Photograph taken by Doc Rowe during session at English Country Music Weekend, Ampthill, 2009

Singing has always been an important part of my life. I was a member of a choir at primary school and eventually graduated to every possible choir going at the next school I later attended in Guildford, where I was lucky enough to receive a very good grounding  in singing technique and sight reading.

Choral singing
I later became a member of various other choirs,large and small, but as a member of Guildford Choral Society I had the privilege of performing many stunning choral works, and making a number of commercial recordings as part of their semi-chorus. (These included works by Vaughan Williams, Holst and Parry for Hyperion Records) . Singing with them under the direction of their conductor, Hilary Davan Wetton, I was introduced to many classical masterpieces  and received many musical opportunities - singing on concert stages at the Royal Festival Hall, at the Royal Albert Hall, in Hyde Park on a blisteringly hot day with a choir of 1000 for  VE day celebrations in 1989, in the deep dark recesses of the pit at Sadlers Wells (providing live music for Ballet du Nord, a visiting ballet company from Paris) and recording for BBC Radios 2 and 3 and Classic FM.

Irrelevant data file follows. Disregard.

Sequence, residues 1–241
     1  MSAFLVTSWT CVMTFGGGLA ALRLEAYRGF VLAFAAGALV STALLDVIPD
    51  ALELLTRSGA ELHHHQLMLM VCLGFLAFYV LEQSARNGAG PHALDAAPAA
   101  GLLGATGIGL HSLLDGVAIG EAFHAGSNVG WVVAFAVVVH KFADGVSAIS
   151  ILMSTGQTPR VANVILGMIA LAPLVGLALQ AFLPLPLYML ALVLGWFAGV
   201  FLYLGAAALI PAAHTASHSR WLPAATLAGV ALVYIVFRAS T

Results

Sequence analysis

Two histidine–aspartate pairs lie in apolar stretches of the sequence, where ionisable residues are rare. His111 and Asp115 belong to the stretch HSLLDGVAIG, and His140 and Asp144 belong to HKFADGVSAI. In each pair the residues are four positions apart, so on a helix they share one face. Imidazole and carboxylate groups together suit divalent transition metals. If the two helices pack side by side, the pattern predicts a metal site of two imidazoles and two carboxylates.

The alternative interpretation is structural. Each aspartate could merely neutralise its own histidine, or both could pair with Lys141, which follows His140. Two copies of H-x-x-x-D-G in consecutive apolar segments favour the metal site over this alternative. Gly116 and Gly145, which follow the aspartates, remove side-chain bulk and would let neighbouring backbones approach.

Traditional Song
Running in tandem with all that, however, was my principal and life-long musical passion - English traditional song and music.
I have absolutely no idea where this love sprang from, but I can remember
buying a copy of the Penguin Book of English Folksong with my pocket money when I was not much more than 9 years old! After that I sang for my own pleasure for many years, mostly using a guitar as accompaniment, but, although I was invited to, I never had the courage to stand up and sing on my own in public until shortly after I attended my first folk festival in 1991.-,and more importantly a harmony workshop run by the late Sarah Morgan, who was later to become a friend, and the group Bread and Roses.